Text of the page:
Was former North Charleston police officer Michael Slager an executioner when he fatally shot unarmed Walter Scott in the back after a foot chase?
Or was Slager an overworked, diligent cop, working solo in a stressful high-crime area who fired at Scott only after a furious fight over Slager’s Taser?
Those two opposing pictures emerged Monday in opening statements to the federal judge who will decide how much time in prison, if any, Slager will serve for killing Scott as he was running away in April 2015.
Slager faces a maximum sentence of life in prison on a federal charge of violating Scott’s civil rights. The prosecution is seeking life because, prosecutors said in recent court filings, Slager repeatedly has lied about the incident and obstructed justice by rearranging the crime scene.
Defense attorney Andrew Savage vehemently disagreed with that version of events Monday.
“The Taser was grabbed and taken away from him (Slager) by Mr. Scott,” Savage told U.S. District Court Judge David Horton. “He tried to get away from the Taser, and Scott stood up and came at him. There is video of him doing exactly that.”
But assistant U.S. attorney Jared Fishman told the judge that Slager’s shooting of Scott was equivalent to “second-degree murder” — “deliberate, calculated, and it was not driven by emotion.”
Slager, 36, wore a gray-and-white striped jail jump suit as he sat at the defense table in the 80-seat courtroom in downtown Charleston’s federal courthouse.
The sentencing hearing is expected to last at least two days.
In effect, it is a mini-trial allowing both sides to present evidence and witnesses about Slager.
Last May, the former officer pleaded guilty to violating Scott’s civil rights. In return, state murder charges against the ex-policeman were dropped.
The case has racial overtones — Scott was African-American and Slager is white. It attracted worldwide attention after a cellphone video of the shooting, made public days after the tragedy, went viral on the Internet.
‘Going to police ... my last option’
That video was played twice Monday as the trial got underway.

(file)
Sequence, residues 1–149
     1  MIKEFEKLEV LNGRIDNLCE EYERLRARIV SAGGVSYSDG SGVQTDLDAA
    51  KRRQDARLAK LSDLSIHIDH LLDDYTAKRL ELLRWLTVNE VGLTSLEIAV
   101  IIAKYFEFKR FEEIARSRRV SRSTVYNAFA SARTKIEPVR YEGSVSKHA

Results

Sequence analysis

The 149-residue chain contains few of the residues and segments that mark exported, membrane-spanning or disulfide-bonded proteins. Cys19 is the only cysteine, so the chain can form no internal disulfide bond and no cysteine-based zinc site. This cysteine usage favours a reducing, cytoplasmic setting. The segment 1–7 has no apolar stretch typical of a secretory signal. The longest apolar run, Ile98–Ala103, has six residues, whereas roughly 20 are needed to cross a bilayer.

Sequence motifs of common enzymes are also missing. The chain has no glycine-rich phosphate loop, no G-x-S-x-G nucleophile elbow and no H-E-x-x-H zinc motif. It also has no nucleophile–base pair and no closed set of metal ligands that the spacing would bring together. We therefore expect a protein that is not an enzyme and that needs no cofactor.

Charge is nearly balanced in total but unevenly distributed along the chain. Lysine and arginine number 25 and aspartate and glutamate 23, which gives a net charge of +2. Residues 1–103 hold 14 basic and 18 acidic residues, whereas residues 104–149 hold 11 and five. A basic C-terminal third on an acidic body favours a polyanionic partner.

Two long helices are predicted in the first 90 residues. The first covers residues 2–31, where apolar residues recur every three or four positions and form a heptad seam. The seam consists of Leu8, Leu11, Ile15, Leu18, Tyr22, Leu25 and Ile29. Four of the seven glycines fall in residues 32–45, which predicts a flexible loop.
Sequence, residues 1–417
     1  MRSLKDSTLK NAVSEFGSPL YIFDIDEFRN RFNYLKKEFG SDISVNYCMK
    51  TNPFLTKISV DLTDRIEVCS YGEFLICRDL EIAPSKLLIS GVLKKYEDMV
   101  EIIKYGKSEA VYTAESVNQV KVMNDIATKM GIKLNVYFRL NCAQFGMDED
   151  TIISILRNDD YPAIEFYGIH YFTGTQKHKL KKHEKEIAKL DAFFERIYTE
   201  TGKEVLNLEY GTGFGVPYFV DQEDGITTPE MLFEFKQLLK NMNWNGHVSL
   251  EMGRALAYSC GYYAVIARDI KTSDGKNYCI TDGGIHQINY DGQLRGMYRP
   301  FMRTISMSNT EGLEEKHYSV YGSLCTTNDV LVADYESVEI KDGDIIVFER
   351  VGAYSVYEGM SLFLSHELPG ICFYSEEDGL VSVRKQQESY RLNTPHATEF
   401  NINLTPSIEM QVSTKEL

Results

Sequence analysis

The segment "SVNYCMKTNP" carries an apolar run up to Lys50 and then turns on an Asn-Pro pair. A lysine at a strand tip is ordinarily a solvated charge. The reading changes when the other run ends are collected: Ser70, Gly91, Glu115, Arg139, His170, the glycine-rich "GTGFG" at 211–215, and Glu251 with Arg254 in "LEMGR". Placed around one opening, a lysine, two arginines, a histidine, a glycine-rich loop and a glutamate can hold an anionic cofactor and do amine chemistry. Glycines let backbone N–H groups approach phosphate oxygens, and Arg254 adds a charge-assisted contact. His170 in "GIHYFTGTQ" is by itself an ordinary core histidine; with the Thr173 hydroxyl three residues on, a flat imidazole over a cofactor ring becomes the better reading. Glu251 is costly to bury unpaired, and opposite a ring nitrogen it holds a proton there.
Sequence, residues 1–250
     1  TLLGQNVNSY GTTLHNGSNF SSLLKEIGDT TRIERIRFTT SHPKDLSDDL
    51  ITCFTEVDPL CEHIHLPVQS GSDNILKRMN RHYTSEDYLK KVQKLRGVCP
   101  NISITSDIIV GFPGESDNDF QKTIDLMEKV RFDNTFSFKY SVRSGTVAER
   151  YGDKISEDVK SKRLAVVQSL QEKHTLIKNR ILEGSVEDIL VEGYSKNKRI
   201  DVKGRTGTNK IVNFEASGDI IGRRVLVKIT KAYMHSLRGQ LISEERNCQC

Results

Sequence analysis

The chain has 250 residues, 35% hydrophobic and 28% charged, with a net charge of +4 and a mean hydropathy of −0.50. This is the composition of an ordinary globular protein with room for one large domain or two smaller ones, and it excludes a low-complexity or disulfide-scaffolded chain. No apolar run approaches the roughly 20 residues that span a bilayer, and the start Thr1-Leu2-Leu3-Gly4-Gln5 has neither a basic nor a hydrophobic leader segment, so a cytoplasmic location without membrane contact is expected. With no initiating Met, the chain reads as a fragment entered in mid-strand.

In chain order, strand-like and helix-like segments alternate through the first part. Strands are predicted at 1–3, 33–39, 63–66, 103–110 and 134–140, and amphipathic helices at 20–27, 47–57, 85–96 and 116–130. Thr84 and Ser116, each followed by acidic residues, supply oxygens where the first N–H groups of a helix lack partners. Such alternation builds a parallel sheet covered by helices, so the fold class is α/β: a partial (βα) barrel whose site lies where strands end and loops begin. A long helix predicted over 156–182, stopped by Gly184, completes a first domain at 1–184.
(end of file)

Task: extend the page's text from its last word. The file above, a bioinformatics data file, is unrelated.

In court filings last month, federal prosecutors said, “But for the existence of bystander cellphone video, it is likely that the defendant would have succeeded in covering up his criminal conduct that resulted in the death of Walter Scott.”
Prosecutor Fishman asked Feidin Santana, an immigrant from the Dominican Republic, how he came to shoot the video.
Santana, 26, testified he was walking to the barbershop where he worked when he shot the video of Slager chasing Scott, getting him on the ground and then shooting at Scott as he fled.
After the shooting, Santana testified, he was afraid to take the video to the North Charleston police.
“I didn’t feel safe,” Santana said. “Going to police, for me, was going to be my last option.”
Instead, Santana sent copies of the video to his girlfriend in the Dominican Republic and contacted Scott’s family to ensure they received a copy.
“I didn’t want to give it into the wrong hands,” Santana testified. “I was very concerned with my safety.
Under cross-examination, Savage attacked Santana’s reliability, forcing him to acknowledge he had spent years in the United States but had not applied for citizenship, had not paid S.C. taxes and made money off the video.
“Did you not sell that video to an agent in Australia?” Savage asked Santana.
Santana said his attorney handled that transaction but added he did get some money from the video. He didn’t say how much.